The Sidney Sun-Telegraph - Serving proudly since 1873 as the beautiful Nebraska Panhandle's first newspaper

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By Mike Sunderland
Thoughts from a Grey-Haired Point of View 

A Cure for Depression


September 22, 2022 | View PDF

By Calvin K. Sunderland

Edited by Michael K. Sunderland

The following is a short excerpt from the Family History my father worked on until Alzheimer’s progressively destroyed his memory.

The nation, and the world, found itself beginning the slide into The Great Depression by 1930. The unprecedented economic disaster began with the stock market crash of October and November 1929. It can hardly be argued the crash caused the depression, but it was the curtain raiser. The Great Depression is still a subject of intense study by economists and political scientists trying to determine its causes, and trying to discover how to prevent it from happening again. Whatever the causes, and there were many events and trends that happened to converge at one point in time to bring on the calamity. The Great Depression happened simultaneously throughout the industrialized nations of the world.

By March of 1933, there were some 13 million unemployed in the U.S. — more than 25 percent of the 48 million in the work force. The nation’s production had dropped an astounding 50 percent in two years. Franklin D. Roosevelt took office that same March and by the end of the year some 4,000,000 had been reemployed, leaving only 9 million out of work. Liberal and leftist writers give Roosevelt credit for the improvement.

However, a similar drop in unemployment took place that same year throughout other industrial nations, none of which had the benefit of FDR’s leadership and his radical brand of social and economic tinkering.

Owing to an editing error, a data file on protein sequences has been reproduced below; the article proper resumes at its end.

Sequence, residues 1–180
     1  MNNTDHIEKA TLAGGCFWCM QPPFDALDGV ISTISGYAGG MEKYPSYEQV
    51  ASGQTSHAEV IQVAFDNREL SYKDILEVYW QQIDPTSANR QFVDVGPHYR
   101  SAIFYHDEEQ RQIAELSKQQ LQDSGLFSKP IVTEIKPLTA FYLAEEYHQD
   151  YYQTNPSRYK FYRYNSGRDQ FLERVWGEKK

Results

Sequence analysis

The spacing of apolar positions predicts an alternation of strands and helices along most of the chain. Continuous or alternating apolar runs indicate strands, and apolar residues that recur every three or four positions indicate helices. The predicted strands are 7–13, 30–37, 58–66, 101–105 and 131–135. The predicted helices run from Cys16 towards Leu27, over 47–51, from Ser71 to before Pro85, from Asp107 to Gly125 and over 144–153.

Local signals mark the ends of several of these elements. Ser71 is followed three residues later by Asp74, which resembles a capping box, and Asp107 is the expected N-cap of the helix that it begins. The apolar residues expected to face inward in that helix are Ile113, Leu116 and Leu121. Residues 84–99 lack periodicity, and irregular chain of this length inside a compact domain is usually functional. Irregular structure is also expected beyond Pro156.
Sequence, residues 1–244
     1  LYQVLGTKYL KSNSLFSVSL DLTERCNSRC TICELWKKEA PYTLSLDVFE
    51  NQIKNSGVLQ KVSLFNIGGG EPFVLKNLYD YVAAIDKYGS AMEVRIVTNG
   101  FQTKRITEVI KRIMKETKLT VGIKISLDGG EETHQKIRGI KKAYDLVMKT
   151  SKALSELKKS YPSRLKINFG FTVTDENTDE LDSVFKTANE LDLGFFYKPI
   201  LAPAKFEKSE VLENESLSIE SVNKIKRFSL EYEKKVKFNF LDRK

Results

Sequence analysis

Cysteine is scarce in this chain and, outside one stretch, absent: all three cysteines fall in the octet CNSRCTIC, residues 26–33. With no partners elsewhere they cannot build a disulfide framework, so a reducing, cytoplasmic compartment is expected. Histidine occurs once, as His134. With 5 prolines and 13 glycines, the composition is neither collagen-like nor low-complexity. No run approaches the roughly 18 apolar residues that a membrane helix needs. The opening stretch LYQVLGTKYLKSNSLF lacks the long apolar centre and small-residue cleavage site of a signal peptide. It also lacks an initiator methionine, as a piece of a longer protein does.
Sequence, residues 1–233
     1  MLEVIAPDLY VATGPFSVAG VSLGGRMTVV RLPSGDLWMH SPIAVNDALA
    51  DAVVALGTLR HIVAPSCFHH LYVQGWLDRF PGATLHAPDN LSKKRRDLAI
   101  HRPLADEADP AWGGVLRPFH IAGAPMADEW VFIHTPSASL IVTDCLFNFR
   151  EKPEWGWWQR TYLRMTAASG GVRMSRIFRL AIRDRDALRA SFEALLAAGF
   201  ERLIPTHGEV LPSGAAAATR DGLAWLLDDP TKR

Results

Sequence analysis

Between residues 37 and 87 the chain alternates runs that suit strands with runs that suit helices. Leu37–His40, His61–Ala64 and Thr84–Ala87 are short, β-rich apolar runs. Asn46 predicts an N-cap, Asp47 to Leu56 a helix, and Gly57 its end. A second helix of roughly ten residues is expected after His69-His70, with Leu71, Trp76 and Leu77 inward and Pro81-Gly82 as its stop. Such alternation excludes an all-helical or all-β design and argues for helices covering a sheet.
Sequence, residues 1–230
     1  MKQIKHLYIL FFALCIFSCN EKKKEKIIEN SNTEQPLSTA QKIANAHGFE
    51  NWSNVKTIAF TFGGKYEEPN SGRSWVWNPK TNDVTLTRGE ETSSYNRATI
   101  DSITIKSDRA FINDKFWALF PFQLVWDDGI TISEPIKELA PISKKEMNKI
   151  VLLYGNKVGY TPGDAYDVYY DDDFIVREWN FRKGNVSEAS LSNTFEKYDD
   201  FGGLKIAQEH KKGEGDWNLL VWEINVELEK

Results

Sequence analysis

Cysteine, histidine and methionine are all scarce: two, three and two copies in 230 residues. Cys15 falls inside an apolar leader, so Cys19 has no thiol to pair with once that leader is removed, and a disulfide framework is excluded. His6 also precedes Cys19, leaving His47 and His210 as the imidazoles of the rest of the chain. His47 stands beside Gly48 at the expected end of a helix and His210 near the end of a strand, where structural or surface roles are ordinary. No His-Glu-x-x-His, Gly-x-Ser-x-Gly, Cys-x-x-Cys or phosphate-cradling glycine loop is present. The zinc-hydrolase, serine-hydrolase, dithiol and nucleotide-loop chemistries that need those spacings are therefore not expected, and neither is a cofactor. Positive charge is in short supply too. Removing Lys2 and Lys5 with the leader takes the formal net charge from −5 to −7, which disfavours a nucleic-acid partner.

The fact remains that U.S. unemployment never fell below 7,500,000, most years holding at a stubborn 8 to 9 million, for the next seven years. During that time most other countries had almost completely recovered. So there are those (and I’m among them) who believe from the historical record that Roosevelt’s radicalism only prolonged the agony.

There’s nothing like a full scale war to put everyone back to work. It was the Second World War with its tremendous military buildup and consequent industrial expansion that finally brought the United States out of the depression.

(It is looking like history is about to repeat itself. America is on the brink of an economic crisis that may, or may not fall into a full scale depression. The Biden administration seems hell bent on taking America back in time to the days of the Great Depression, including getting us involved in what might evolve into another world war. Now that would definitely cure our economy of depression! They can call it a recession all they want, the effect on the middle and lower class citizens of this once great nation is brutal and may become catastrophic.

Like my father before me, I believe that with all the current efforts of the far left socialist leaning Democrats, they are trying to take America down the same path that FDR traveled. This time the end could very well result in the permanent removal of the United States of America as a world power and putting the vast majority of the middle and lower class into permanent economic bondage, AKA socialistic slavery. Unless a majority of Americans wake up and vote these rascals out in the coming elections that could very well be our future. It is up to you. – Michael K. Sunderland)


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